The flowers are produced from late summer until late autumn, individually small, in 3-to-5 cm-diameter umbels, greenish-yellow, and very rich in nectar, an important late autumn food source for bees and other insects. The fruit are purple-black to orange-yellow berries 6–8 mm in diameter, ripening in late winter, and are an important food for many birds, though somewhat poisonous to humans. One to five seeds are in each berry, which are dispersed after being eaten by birds.

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BEST WISHES TO EVERYONE FOR THE FESTIVE SEASON!
MAY THE NEW YEAR 2019 BE FULL OF HEALTH, HAPPINESS AND REPLETE WITH FLOWERS!

Thursday, 20 December 2018

FFF369 - LACEBARK TREE

Brachychiton discolor is a rainforest tree of eastern Australia in the family Sterculiaceae. It grows in drier rainforest areas, scattered from Paterson, New South Wales (32° S) to Mackay, Queensland (21° S). There's also an isolated community of these trees at Cape York Peninsula. Common names include Lacebark Tree, Lace Kurrajong, Pink Kurrajong, Scrub Bottle Tree, White Kurrajong, Hat Tree and Sycamore.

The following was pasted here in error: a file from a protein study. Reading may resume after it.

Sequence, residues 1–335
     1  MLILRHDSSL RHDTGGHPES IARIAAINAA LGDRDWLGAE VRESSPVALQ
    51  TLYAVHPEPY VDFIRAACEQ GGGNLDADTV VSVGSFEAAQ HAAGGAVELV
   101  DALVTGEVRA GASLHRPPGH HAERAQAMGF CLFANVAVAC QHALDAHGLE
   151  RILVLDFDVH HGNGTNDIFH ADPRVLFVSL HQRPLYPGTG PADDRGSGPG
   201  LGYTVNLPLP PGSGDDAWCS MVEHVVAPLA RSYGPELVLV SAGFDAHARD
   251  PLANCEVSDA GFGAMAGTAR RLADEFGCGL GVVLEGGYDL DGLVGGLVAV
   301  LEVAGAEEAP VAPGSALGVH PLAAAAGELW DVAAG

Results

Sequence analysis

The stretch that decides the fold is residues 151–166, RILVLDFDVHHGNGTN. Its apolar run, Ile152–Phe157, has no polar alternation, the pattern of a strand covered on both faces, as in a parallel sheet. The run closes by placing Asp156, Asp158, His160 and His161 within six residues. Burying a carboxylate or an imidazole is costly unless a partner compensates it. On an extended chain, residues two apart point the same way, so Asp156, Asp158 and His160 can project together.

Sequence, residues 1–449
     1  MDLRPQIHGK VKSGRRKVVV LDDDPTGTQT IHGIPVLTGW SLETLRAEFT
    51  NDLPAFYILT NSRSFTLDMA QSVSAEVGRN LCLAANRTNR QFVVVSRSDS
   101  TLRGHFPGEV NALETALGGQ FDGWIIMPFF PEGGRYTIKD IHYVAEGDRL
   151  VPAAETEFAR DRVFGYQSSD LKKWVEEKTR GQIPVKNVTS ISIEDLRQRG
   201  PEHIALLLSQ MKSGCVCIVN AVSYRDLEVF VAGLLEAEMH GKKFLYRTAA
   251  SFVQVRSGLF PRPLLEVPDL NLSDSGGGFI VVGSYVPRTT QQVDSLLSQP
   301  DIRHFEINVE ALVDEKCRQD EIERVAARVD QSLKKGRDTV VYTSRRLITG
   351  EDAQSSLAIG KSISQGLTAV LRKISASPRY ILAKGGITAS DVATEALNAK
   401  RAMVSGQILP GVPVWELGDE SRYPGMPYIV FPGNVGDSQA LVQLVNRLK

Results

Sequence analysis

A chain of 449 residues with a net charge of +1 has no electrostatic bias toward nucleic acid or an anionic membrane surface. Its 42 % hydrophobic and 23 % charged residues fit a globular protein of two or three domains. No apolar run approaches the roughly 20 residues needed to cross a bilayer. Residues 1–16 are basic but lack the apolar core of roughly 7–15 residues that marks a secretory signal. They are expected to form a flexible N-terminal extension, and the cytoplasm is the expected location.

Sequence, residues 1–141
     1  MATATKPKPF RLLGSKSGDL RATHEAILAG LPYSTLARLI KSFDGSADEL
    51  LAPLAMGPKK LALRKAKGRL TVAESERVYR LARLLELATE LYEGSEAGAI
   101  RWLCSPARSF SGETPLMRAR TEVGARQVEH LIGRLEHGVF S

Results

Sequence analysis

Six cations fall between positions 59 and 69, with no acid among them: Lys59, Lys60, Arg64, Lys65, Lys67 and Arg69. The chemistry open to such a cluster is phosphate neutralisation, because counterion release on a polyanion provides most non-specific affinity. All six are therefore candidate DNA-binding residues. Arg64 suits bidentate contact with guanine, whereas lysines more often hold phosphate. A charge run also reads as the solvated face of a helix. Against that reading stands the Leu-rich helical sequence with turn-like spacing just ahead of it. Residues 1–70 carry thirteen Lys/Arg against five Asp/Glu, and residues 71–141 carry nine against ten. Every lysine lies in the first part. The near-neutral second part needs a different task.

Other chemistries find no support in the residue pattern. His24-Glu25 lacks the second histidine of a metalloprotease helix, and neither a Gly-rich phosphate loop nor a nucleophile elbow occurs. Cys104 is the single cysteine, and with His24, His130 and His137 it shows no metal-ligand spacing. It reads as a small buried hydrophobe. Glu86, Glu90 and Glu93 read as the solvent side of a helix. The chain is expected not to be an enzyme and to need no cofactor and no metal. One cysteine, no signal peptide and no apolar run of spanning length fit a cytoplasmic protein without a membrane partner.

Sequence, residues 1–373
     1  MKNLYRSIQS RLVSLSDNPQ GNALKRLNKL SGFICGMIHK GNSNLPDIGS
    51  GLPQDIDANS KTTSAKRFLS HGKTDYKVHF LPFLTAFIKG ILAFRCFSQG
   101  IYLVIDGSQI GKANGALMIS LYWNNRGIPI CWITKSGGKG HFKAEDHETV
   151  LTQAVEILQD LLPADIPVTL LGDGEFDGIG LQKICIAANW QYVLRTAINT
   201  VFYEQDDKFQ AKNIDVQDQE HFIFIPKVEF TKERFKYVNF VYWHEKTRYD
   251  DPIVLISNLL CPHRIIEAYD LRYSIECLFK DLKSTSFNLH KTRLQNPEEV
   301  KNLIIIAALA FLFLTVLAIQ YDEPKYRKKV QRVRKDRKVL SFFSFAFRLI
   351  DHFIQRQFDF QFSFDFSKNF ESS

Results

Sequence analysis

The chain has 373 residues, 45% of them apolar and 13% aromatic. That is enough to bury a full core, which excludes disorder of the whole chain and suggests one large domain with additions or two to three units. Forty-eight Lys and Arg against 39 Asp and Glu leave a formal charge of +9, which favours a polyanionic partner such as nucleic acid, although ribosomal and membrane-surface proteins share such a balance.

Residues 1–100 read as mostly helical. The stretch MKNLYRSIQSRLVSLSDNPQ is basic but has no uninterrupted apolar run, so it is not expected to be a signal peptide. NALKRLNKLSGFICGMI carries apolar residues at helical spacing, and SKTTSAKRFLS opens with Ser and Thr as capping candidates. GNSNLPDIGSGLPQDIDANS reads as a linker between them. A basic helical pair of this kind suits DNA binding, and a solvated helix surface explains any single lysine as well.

An attractive tree up to 30 metres tall featuring pink flowers without petals. The trunk is straight, grey and cylindrical, up to 75 cm in diameter. Not buttressed at the base. Twigs hairy, brown and smooth. Leaves are hairy; lobed in three, five or seven points, 10 to 20 cm in diameter. Whitish underneath, dark green above. Leaf veins visible on both sides.

Flowers form from November to February. The flowers are pink, almost without stalks, 3 to 4 cm in diameter. Separate male and female flowers occur, without petals. The fruit is a hairy boat-shaped follicle maturing from December to July. It is 7 to 20 cm long, containing up to 30 seeds, 9 mm long. Germination from fresh seed occurs without difficulty. It is widely planted as an ornamental tree. Wood used as shields by Indigenous Australians. The roasted seeds are edible by humans.

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I would like to extend to you my best wishes for the Festive Season. If you celebrate Christmas, may you have a peaceful and happy time together with those you love.

Thursday, 13 December 2018

FFF368 - ORIENTAL LILIES

Lilium (members of which are true lilies) is a genus of herbaceous flowering plants in the Liliaceae family growing from bulbs, all with large prominent flowers. Lilies are a group of flowering plants which are important in culture and literature in much of the world. Most species are native to the temperate northern hemisphere, though their range extends into the northern subtropics. Many other plants have "lily" in their common name but are not related to true lilies.